I look forward to hearing Christian Allard speaking French on BBC Alba, which will be worth listening to. He talked about the need for regular debate, and there certainly is a need for that.

I will make passing mention of something that has not been mentioned in the debate so far, which is the reports of a hunger strike inside Dungavel. That is certainly alarming to me, and I hope that members will follow the Scottish Trades Union Congress and demand access to the centre to visit the detainees. That is of concern.

It is evident from what we have heard that the Parliament thinks that we should celebrate diversity. There has been wide recognition that negative attitudes are expressed. I wonder whether it is a chicken-and-egg situation and whether the media coverage has been driven by the politicians or the politicians are responding to the media coverage. We know that those who demonise immigrants choose their words carefully and are wary of falling foul of the legislation that they would like to abolish.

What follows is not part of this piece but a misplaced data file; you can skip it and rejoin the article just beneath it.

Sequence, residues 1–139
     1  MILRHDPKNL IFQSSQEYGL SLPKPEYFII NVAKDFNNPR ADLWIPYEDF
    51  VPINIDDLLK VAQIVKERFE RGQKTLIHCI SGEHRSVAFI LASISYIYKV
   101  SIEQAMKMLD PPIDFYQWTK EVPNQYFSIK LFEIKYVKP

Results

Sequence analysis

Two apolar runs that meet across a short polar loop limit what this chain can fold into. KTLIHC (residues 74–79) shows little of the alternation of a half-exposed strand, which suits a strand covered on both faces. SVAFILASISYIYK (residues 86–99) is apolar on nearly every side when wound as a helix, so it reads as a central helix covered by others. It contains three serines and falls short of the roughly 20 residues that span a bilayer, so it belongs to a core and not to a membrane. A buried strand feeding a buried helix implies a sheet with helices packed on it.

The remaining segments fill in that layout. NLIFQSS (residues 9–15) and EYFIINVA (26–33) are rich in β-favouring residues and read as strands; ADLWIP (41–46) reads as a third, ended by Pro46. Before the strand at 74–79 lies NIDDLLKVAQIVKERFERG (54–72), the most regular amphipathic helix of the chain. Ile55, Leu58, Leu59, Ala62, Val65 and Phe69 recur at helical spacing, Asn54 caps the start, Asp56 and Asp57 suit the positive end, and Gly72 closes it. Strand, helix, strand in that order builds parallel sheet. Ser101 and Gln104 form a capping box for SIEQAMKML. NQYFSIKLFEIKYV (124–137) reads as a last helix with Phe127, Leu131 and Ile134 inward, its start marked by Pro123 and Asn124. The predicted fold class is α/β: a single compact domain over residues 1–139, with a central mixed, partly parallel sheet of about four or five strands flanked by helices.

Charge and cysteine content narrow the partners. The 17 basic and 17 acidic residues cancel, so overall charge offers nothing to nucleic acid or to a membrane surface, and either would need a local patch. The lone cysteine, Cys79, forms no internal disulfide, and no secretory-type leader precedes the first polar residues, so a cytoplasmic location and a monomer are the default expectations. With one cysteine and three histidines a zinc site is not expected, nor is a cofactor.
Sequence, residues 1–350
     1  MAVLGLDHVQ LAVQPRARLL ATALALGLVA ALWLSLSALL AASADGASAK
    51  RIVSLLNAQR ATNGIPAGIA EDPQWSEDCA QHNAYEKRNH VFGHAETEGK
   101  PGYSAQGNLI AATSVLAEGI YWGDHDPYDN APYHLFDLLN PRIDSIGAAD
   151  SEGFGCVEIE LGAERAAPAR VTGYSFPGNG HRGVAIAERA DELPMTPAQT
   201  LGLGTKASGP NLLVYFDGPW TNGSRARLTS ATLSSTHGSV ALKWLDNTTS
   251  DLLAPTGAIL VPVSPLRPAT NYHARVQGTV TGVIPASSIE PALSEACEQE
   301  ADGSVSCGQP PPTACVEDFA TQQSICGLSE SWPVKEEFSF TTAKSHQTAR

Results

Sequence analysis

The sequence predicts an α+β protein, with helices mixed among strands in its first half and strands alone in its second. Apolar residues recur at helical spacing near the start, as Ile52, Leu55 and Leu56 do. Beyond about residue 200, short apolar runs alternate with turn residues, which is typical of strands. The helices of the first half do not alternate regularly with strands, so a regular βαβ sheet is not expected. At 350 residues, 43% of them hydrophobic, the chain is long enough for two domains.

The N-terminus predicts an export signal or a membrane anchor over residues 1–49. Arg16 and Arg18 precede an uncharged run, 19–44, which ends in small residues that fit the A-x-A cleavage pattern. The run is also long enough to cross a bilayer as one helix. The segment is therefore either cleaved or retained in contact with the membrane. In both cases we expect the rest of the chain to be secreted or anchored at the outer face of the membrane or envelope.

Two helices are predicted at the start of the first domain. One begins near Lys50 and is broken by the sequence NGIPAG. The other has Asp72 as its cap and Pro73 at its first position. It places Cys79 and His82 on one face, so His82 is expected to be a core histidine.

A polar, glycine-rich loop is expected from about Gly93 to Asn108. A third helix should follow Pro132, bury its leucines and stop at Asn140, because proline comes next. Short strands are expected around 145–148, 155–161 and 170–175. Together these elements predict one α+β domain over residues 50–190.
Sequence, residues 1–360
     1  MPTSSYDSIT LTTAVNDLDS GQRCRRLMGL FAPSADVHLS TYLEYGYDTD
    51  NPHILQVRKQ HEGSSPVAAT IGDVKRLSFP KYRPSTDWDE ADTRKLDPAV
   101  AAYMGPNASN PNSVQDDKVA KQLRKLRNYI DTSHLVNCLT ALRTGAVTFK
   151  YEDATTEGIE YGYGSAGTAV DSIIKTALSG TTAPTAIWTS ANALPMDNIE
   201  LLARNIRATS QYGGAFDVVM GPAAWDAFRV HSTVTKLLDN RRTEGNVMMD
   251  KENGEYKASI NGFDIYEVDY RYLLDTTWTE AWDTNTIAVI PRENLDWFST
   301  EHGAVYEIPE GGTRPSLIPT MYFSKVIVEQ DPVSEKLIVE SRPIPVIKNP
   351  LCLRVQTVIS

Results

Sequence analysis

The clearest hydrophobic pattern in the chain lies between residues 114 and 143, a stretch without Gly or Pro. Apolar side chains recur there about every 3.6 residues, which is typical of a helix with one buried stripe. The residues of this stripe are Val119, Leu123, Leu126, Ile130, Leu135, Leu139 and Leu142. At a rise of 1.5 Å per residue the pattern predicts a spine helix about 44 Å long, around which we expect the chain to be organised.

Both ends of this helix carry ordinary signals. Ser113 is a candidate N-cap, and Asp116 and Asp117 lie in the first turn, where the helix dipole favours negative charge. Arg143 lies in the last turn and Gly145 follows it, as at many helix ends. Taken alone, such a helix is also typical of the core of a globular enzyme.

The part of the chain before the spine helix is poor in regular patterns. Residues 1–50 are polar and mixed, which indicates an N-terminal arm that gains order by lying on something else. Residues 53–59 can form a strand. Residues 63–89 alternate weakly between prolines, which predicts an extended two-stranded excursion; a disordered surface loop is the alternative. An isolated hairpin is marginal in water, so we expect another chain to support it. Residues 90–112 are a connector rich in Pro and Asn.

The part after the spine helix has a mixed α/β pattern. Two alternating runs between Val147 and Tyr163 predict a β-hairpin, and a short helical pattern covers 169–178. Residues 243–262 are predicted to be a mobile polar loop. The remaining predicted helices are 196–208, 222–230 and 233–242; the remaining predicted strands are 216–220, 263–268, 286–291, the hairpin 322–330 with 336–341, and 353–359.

We have all agreed that there has been a positive contribution. I believe that there is such a thing as society, and I think that Scotland is much the better because of its rich mix of peoples and cultures. The same cannot be said of some of the lurid headlines. I will not do them credit by repeating them, but it is important that we do not become complacent. The evidence on the way that communities treat the Gypsy Traveller community shows that there is no opportunity for us to be lax in how we react to the issue.

On the Government’s amendment, the EU process pretty much determines who five of the six Scottish members of the European Parliament will be. Scotland had the opportunity to elect a highly talented immigrant woman from Africa as the sixth representative: the Scottish Green Party’s Maggie Chapman. Instead, Scotland chose an ignorant individual, who has been mentioned. In the meantime at least, Scotland will have to live with the embarrassment of being represented in Brussels by a party that I am not alone in considering to be racist. The strapline for Maggie Chapman’s campaign was: